Sooooo, it only took a worldwide pandemic and a generation-defining presidential race for New York to make voting more convenient and accessible.
The state with one of the lowest voter turnout rates in the country suddenly has lines of people standing in the rain and snow to vote, a week before an election.
Who knew so many of those apathetic, selfish, non-voting New Yorkers were actually willing to participate in the democracy if given the chance?
The pandemic, not any great inertia by the state Legislature, finally forced New York to let more of its citizens vote through the safety and convenience of the absentee ballot this year.
Several states have been letting their voters vote by mail for years, with no problems related to fraud or error.
And New York has been letting members of the military, college students and traveling business people vote by mail for years, but not everyone else.
Yet rather than approve no-excuse absentee voting years ago, the state only was able to expand absentee voting by granting a one-time covid exemption for people who feared getting the disease.
New Yorkers clearly welcome these new methods of voting, as demonstrated by the massive enthusiasm for both.
If you think it was just the presidential race that got citizens to vote, think again.
School elections this year were conducted exclusively by mail due to covid.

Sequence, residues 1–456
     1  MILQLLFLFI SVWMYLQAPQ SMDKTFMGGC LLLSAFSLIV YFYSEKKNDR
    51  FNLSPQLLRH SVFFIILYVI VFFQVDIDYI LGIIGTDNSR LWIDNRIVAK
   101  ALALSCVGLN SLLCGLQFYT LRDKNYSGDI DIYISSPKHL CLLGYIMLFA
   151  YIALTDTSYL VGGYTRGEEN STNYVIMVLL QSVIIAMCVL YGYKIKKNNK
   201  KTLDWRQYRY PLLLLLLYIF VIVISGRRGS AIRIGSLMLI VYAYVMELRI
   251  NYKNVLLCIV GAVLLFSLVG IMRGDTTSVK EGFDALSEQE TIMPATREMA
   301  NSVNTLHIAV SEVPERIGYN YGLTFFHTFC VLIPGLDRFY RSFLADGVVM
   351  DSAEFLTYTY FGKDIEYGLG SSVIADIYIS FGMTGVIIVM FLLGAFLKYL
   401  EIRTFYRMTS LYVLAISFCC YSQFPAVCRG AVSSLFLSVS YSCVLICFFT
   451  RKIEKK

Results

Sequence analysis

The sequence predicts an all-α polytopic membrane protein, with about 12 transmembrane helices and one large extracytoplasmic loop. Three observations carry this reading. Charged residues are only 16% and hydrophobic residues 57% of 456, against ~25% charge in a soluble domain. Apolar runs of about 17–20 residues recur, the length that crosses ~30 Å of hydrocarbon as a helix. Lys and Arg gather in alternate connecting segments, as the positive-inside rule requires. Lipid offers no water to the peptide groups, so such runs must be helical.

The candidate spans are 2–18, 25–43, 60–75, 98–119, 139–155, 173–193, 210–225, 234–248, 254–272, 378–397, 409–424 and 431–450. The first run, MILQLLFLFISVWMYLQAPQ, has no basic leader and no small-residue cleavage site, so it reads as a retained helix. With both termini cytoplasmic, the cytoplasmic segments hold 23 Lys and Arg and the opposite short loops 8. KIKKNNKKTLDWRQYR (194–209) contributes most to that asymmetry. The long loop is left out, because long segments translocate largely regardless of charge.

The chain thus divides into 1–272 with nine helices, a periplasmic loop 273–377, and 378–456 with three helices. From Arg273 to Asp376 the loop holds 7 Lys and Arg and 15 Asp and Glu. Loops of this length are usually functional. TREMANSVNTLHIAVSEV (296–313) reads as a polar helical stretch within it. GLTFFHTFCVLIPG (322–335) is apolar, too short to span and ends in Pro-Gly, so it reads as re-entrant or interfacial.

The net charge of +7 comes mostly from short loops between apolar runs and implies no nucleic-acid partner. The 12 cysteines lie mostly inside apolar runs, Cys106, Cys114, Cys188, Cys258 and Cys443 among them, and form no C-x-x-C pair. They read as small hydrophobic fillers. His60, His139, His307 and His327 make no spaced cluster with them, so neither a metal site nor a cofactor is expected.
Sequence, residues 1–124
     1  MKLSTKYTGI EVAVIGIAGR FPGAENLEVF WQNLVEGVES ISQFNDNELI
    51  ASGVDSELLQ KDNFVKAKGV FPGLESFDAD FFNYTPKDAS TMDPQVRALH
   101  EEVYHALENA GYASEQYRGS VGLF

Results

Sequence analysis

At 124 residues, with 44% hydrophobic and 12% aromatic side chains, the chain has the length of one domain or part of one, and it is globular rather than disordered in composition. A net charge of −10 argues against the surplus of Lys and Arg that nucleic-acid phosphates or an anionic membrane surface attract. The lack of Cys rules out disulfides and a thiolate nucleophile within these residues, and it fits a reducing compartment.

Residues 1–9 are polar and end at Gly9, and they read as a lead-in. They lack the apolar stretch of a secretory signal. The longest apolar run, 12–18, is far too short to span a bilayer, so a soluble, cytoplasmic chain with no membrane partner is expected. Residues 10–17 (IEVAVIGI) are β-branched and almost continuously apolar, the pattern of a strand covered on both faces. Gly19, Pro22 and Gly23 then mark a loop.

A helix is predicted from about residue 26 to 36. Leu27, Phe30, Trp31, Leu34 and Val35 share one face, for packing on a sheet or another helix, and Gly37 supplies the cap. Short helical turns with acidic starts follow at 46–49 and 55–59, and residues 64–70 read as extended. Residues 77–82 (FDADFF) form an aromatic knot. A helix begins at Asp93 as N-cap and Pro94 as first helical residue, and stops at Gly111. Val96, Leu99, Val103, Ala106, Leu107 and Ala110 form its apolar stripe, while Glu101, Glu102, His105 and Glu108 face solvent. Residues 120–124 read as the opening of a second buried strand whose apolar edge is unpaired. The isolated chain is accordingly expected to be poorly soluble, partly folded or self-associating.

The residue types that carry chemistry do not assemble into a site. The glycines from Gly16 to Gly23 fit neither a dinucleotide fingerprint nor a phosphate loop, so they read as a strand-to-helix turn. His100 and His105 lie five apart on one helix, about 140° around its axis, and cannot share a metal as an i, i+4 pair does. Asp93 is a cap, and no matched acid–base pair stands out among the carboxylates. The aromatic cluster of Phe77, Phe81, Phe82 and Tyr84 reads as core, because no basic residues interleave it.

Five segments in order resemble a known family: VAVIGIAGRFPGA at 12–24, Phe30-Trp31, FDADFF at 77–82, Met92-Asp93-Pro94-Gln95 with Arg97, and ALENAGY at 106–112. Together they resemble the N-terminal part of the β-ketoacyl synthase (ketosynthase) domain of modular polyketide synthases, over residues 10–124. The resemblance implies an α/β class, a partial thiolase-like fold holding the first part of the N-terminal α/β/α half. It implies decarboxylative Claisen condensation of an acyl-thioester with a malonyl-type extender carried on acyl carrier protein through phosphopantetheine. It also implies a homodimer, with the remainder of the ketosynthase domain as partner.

The result: The usually pathetic turnout for school elections more than tripled to 1.6 million voters. That’s over 1 million more New York taxpayers who took the opportunity to have a say in their children’s education and in their taxation levels than just one year before.
It’s time for lawmakers to codify these changes and make these voting methods go smoother.
It will take an amendment to the state constitution to authorize no-excuse absentee voting statewide. While lawmakers go through the two-year approval process, the governor needs to extend the covid exemption until voters approve the measure in a year or two.
To enhance absentee voting, the state needs to let voters get an earlier start on when they can request a ballot, and it needs to devote more money to setting up more secure ballot drop boxes around the state so residents don’t have to rely on the post office to deliver their ballots.
In its second year, early voting has proven to be very popular.
But long lines due to limited hours might discourage voters from doing it again in a non-presidential year.
The state needs to ensure that local Boards of Election have enough money to hire staff to work longer hours and to set up more locations for early voting.
This should cut down on the lines and entice voters to continue to vote this way.
There are other ways the state could improve voter access, including same-day registration.
But just improving upon these two very popular voting methods would go a long way to making democracy more democratic in New York.